Astronomy and Astrophysics
Aims: This work aims to identify the relevant physical processes in shaping the intensity and polarization patterns of the solar K I D lines through spectral syntheses, placing particular emphasis on the D2 line.
Methods: The theoretical Stokes profiles were obtained by numerically solving the radiative transfer problem for polarized radiation considering one-dimensional semi-empirical models of the solar atmosphere. The calculations account for scattering polarization, partial frequency redistribution (PRD) effects, hyperfine structure (HFS), J- and F-state interference, multiple isotopes, and magnetic fields of arbitrary strength and orientation.
Results: The intensity and circular polarization profiles of both D lines can be suitably modeled while neglecting both J-state interference and HFS. The magnetograph formula can be applied to both lines, without including HFS, to estimate weak longitudinal magnetic fields in the lower chromosphere. By contrast, modeling the scattering polarization signal of the D lines requires the inclusion of HFS. The amplitude of the D2 scattering polarization signal is strongly depolarized by HFS, but it remains measurable. A small yet appreciable error is incurred in the scattering polarization profile if PRD effects are not taken into account. Collisions during scattering processes have a clear depolarizing effect, although a quantitative analysis is left for a forthcoming publication. Finally, the D2 scattering polarization signal is particularly sensitive to magnetic fields with strengths around 10 G and it strongly depends on their orientation. Despite this, its center-to-limb variation relative to the amplitude at the limb is largely insensitive to the field strength and orientation.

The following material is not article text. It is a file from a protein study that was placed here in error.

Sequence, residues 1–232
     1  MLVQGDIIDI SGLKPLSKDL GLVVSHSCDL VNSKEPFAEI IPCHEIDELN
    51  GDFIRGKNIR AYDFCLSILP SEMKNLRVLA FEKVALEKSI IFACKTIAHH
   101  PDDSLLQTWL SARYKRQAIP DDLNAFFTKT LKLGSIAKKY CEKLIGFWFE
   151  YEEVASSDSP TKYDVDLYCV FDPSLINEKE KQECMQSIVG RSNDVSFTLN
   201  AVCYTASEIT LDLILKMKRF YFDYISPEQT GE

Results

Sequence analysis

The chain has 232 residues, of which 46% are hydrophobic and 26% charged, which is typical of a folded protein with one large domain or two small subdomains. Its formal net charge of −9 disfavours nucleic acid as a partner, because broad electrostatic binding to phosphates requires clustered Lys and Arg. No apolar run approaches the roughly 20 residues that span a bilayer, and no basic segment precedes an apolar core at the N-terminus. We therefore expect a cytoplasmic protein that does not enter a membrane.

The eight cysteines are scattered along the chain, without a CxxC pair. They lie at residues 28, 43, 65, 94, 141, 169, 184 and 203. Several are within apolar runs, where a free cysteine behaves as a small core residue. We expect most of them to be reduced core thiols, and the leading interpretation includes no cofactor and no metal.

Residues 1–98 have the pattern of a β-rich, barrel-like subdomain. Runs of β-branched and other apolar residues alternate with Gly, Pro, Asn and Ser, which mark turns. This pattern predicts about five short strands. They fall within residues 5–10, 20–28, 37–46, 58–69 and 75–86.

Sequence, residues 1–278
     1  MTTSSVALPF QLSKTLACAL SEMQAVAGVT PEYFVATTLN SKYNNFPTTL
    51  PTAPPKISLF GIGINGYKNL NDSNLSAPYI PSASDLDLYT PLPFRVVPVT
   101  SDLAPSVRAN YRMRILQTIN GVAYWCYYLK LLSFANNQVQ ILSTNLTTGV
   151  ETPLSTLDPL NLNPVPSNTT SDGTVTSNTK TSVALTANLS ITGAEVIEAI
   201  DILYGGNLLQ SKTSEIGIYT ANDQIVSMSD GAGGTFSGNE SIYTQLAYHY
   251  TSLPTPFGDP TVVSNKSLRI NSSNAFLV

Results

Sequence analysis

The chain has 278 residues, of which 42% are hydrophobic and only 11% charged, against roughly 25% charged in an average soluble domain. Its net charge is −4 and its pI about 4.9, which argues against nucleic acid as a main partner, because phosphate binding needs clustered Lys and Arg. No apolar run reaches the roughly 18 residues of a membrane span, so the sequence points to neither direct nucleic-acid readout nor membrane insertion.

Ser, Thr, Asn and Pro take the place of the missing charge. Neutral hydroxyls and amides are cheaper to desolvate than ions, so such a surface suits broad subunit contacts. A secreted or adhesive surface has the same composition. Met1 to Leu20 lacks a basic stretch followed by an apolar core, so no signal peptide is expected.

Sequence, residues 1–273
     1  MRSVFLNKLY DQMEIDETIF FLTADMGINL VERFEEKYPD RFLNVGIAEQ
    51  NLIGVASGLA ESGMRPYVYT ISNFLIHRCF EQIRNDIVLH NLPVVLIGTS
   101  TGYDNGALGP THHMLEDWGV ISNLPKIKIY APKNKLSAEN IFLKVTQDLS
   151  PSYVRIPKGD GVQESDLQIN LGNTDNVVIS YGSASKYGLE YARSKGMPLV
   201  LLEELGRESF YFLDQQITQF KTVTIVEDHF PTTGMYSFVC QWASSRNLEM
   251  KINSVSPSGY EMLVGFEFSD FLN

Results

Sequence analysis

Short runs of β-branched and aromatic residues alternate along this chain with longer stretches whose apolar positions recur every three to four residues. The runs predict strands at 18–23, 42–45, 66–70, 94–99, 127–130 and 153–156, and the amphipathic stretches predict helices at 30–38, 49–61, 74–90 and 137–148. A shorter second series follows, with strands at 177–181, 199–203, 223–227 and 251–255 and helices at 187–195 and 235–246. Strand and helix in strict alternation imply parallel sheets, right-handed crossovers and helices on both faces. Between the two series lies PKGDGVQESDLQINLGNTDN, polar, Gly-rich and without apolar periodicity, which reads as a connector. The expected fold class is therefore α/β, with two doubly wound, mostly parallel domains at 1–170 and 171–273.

Conclusions: These findings highlight the value of the K I D2 line polarization for diagnostics of the solar magnetism, and show that the linear and circular polarization signals of this line are primarily sensitive to magnetic fields in the lower chromosphere and upper photosphere, respectively.
Magnetic fields pervade all astrophysical plasmas and govern most of the variability in the Universe at intermediate time scales. They are present in stars across the whole Hertzsprung-Russell diagram, in galaxies, and even perhaps in the intergalactic medium. Polarized light provides the most reliable source of information at our disposal for the